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Electricity in Greece in 2023

Global Ranking: #46
48.0% #72 Low-carbon electricity
48.30 % #45 Electrification
503.37 watts #76 Generation / person
294.52 gCO2eq/kWh #65 Carbon Intensity

In Greece, as of 2023, nearly half of the electricity consumed comes from low-carbon sources, with fossil fuels accounting for a slightly less fraction. Among the low-carbon energy sources, wind and solar power are substantial contributors, both being close to a fifth of the total energy mix. Primarily, non-renewable gas forms almost a third of the nation's energy diet, while coal subsumes just under a tenth. Hydropower also chips in, albeit slightly less than coal. At the same time, about just over a tenth of the electricity need is met by net imports.


To increase their low-carbon electricity generation, Greece could potentially benefit from expanding existing wind and solar capacities, considering they already play a significant role in the current energy mix. They could look to Denmark, where wind power forms a substantial part (around 60%) of the electricity mix, as an exemplar in harnessing wind power. Additionally, although Greece doesn't currently utilize nuclear power, they could take a leaf out of France's book, where nuclear power forms about two-thirds of the electricity, or even Slovakia and Ukraine, where nuclear power accounts for a little over half of the electricity mix.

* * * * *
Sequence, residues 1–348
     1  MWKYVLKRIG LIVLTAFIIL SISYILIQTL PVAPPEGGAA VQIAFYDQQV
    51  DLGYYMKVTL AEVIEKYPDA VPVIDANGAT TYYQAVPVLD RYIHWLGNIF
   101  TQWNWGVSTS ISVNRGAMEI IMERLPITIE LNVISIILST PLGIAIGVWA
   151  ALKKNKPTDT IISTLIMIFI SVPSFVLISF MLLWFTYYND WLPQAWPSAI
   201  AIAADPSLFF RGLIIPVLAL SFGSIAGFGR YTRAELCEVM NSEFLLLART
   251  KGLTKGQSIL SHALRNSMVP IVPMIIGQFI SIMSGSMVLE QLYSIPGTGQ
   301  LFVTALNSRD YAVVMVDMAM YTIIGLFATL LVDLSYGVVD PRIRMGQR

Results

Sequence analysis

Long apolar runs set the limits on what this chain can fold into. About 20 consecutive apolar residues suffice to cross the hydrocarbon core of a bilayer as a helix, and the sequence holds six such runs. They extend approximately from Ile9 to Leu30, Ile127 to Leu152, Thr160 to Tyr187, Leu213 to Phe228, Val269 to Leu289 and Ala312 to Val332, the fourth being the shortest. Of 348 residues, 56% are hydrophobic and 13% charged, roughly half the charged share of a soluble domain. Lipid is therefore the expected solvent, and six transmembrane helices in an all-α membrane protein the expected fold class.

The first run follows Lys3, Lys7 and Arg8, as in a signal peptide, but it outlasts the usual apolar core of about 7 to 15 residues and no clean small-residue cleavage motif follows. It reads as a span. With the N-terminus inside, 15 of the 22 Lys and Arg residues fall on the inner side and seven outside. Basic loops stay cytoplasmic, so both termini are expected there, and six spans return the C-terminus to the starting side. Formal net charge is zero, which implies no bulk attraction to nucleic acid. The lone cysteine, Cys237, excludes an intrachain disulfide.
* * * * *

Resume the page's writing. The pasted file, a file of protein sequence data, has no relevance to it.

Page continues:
Upon reviewing the history of low-carbon electricity in Greece, there is a noticeable trend in the hydroelectric domain. The 1980s marked a slight decrease in hydroelectric power generation, which continued into the early 2000s, albeit with some minor inconsistencies. The last two decades have shown some increase, yet without a consistent trend. On the other hand, solar power has seen a boost, particularly from 2013 onwards. Although wind power experienced a minor setback in 2023, it's contribution towards sustainable, green energy in Greece has been increasing over the past few years. Notably, biofuels made their entry into the Greek energy landscape in 2019, albeit contributing a marginal amount to the overall energy mix.

Electricity Imports and Exports

Balance of Trade

Maximum Imports

Data Sources

For the years 1980 to 1984 the data sources are EIA and IEA (imports/exports).
For the years 1985 to 1986 the data sources are Energy Institute and IEA (imports/exports).
For the years 1987 to 1989 the data sources are World Bank and IEA (imports/exports).
For the years 1990 to 2016 the data source is IEA.
For the year 2017 the data source is Ember.
For the years 2018 to 2019 the data source is IEA.
For the years 2020 to 2022 the data source is Ember.
For the year 2023 the data source is ENTSOE.
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